The name hippo means "river horse", and these mammals spend most of their time in the water. They have inflated-looking bodies that resemble barrels, supported on short, pillarlike legs with four toes ending in hooflike nails. The tail is short and bristled, with flattened sides. The belly is carried only a few inches above the ground. The eyes are raised on top of a flat head, the ears are small, and the nostrils are slits high up on the muzzle and can be closed when the animal is submerged. The two species, H. amphibius and C. liberiensis (pygmy hippo) differ greatly in size, with the former up to 5.5 feet high and weighing seven thousand to ten thousand pounds. The pygmy hippo is much smaller, with an average height of 2.5 to 3 feet, and weighing 350 to 600 pounds.
Hippoes must submerge frequently because their naked skin is vulnerable to overheating and dehydration. They can stay submerged up to thirty minutes. Their skin has a brown to gray-purple coloration with pinkish creases. The pygmyhippo is black-brownto purple in color with the cheeks often tinted pink. Unlike the pygmy hippo, which is a solitary mammal dwelling in rivers and forests, H. amphibius is a huge animal that can be found in herds of up to eighty members. Seeking food, H. amphibius travels at night from the rivers for grazing, but will return before dawn to spend the day digesting and socializing in the riverbeds. During the forays fromthe water, the animals typically travel two to three miles. H. amphibius eats up to ninety pounds of grass on a nightly basis, often mowing twenty-inch-wide swaths with its muscular lips and mouth. The pygmy hippo prefers to seek food on high, dry ground and is most active between 6 p.m. and midnight. They have home ranges that may cover between one hundred and four hundred acres. Most movements are along established paths in theirhomerange, and rarely do they cross paths with others of their own species. During these forays, they seek water plants, grasses, fallen fruits and leaves. For H. amphibius, their watery homelands are partitioned into individual mating territories by mature bulls that defend defined sections. These territories can remain fixed for years. Dung showering is used to mark territories and express dominance. Other behaviors that signal threats can include water scooping, head shaking, grunting, roaring, explosive exhaling, and charging. Submission is signaled by turning tail, approaching in a crouched position, lying prone on the land, or diving and swimming away from the dominant male.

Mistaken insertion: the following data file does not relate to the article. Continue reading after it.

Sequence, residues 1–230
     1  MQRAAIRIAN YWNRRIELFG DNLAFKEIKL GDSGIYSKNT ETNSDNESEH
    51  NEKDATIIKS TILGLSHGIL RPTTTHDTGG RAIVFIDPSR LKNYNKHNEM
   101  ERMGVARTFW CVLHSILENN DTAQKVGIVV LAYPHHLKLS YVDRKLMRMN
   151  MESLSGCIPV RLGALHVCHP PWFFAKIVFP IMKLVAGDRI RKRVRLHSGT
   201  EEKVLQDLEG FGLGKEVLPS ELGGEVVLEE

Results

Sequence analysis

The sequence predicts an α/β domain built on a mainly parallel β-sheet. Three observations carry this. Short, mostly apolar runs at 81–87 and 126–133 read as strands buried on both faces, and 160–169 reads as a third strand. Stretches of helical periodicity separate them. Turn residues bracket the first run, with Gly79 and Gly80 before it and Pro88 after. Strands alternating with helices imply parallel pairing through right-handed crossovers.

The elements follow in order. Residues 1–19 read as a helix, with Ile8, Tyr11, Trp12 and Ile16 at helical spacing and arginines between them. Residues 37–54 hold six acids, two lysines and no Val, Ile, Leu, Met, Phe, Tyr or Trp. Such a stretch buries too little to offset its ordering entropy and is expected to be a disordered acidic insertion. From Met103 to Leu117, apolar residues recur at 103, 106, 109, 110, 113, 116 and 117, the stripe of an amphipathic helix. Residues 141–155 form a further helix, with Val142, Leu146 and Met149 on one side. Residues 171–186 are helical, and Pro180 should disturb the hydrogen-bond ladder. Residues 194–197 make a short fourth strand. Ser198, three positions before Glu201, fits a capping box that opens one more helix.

Thanks for description - Animal life club